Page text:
Dr. Milton Friedman was one of the greatest champions of freedom in my lifetime and one of the greatest economists of all time.  On this day – what would have been his 99th birthday – we are inspired to preserve his memory and the wisdom of his free market philosophy.

Dr. Friedman’s philosophy can be summed up with his simple phrase: “There’s no free lunch.”  When it comes to politics, every dollar that is spent by government has to be paid for by someone else–either through taxes or borrowing or inflation.  Government cannot create wealth; it can only redistribute it.  And yet, far too often, redistributing wealth also destroys it. As Friedman pointed out, “One of the great mistakes is to judge policies and programs by their intentions rather than their results” and  “the government solution to a problem is usually as bad as the problem.”

Dr. Friedman’s 1962 treatise, Capitalism and Freedom, was a revelation for free-market  defenders – a rare jewel in the 1960s political culture that was madly in love with “Keynesianism” and “Big Government.”  His 1980 book, Free to Choose ­– the best-selling non-fiction book of that year – built on that work and helped pave the way for Reaganomics and the greatest boom in history.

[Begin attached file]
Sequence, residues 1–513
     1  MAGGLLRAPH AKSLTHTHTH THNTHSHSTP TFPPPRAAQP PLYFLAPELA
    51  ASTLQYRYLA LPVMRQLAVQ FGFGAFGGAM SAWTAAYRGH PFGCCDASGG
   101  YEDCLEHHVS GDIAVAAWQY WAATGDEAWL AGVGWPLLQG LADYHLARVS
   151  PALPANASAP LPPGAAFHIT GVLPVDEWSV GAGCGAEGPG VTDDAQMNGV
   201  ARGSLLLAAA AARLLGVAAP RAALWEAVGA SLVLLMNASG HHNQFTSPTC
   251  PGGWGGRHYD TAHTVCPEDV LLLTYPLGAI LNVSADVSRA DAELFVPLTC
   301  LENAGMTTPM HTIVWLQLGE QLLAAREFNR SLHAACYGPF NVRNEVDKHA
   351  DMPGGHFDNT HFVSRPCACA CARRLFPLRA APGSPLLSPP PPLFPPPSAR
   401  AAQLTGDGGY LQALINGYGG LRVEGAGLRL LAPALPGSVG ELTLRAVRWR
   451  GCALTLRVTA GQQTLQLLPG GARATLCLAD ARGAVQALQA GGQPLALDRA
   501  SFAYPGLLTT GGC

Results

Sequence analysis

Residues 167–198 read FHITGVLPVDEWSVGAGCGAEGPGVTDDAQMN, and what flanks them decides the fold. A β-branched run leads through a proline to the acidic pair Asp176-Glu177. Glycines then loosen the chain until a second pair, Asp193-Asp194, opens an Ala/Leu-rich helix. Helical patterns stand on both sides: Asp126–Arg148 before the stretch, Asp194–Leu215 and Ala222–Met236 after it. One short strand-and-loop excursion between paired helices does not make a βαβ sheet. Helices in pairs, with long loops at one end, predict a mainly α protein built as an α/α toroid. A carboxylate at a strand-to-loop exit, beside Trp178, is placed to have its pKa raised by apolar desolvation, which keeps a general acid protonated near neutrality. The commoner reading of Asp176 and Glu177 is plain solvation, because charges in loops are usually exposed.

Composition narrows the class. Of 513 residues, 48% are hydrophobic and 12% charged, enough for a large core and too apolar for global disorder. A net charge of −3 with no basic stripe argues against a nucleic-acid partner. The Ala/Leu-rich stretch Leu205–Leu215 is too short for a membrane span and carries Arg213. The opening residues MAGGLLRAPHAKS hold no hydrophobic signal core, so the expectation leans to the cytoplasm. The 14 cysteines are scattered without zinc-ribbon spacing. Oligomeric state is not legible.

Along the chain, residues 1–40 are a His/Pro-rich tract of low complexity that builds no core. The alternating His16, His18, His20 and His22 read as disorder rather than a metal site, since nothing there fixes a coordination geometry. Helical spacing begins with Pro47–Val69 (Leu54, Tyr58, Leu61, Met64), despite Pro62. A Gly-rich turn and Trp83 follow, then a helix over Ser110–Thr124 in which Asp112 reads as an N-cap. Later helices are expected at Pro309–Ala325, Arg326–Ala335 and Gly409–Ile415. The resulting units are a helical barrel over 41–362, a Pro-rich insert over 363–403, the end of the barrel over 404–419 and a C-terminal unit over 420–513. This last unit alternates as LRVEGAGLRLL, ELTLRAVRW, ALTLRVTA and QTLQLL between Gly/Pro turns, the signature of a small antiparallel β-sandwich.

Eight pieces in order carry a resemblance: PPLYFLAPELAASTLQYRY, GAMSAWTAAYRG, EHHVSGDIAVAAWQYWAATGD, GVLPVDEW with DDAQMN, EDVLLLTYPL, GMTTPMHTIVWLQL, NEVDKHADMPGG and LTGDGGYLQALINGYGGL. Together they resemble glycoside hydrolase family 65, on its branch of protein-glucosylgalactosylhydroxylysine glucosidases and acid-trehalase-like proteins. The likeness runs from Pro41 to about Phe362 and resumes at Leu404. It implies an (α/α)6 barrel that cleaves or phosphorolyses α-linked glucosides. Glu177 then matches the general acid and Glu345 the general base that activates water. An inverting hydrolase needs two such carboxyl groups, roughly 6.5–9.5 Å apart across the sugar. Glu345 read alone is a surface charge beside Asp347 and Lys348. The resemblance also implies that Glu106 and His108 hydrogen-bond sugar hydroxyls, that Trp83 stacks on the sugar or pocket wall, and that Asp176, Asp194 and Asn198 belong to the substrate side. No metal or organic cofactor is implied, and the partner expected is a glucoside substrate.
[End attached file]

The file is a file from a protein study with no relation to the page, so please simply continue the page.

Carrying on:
In the 1980s and 90s, Dr. Friedman’s influence was remarkable.  In America and throughout the world, there was a consensus that low taxes, few regulations, balanced budgets, and sound money was the path to prosperity.  For some reason, we have strayed from that formula in recent years – and with disastrous consequences.  The time for a rediscovery of Milton Friedman has come.

Dr. Friedman once said, “Governments never learn. Only people learn.”  On this – Dr. Friedman’s 99th birthday – please spread the word about his ideas and his remarkable legacy.


Featured guest contributor Congresswoman Cathy McMorris Rodgers represents Washington’s 5th Congressional District and serves as vice chair of the House Republican Conference.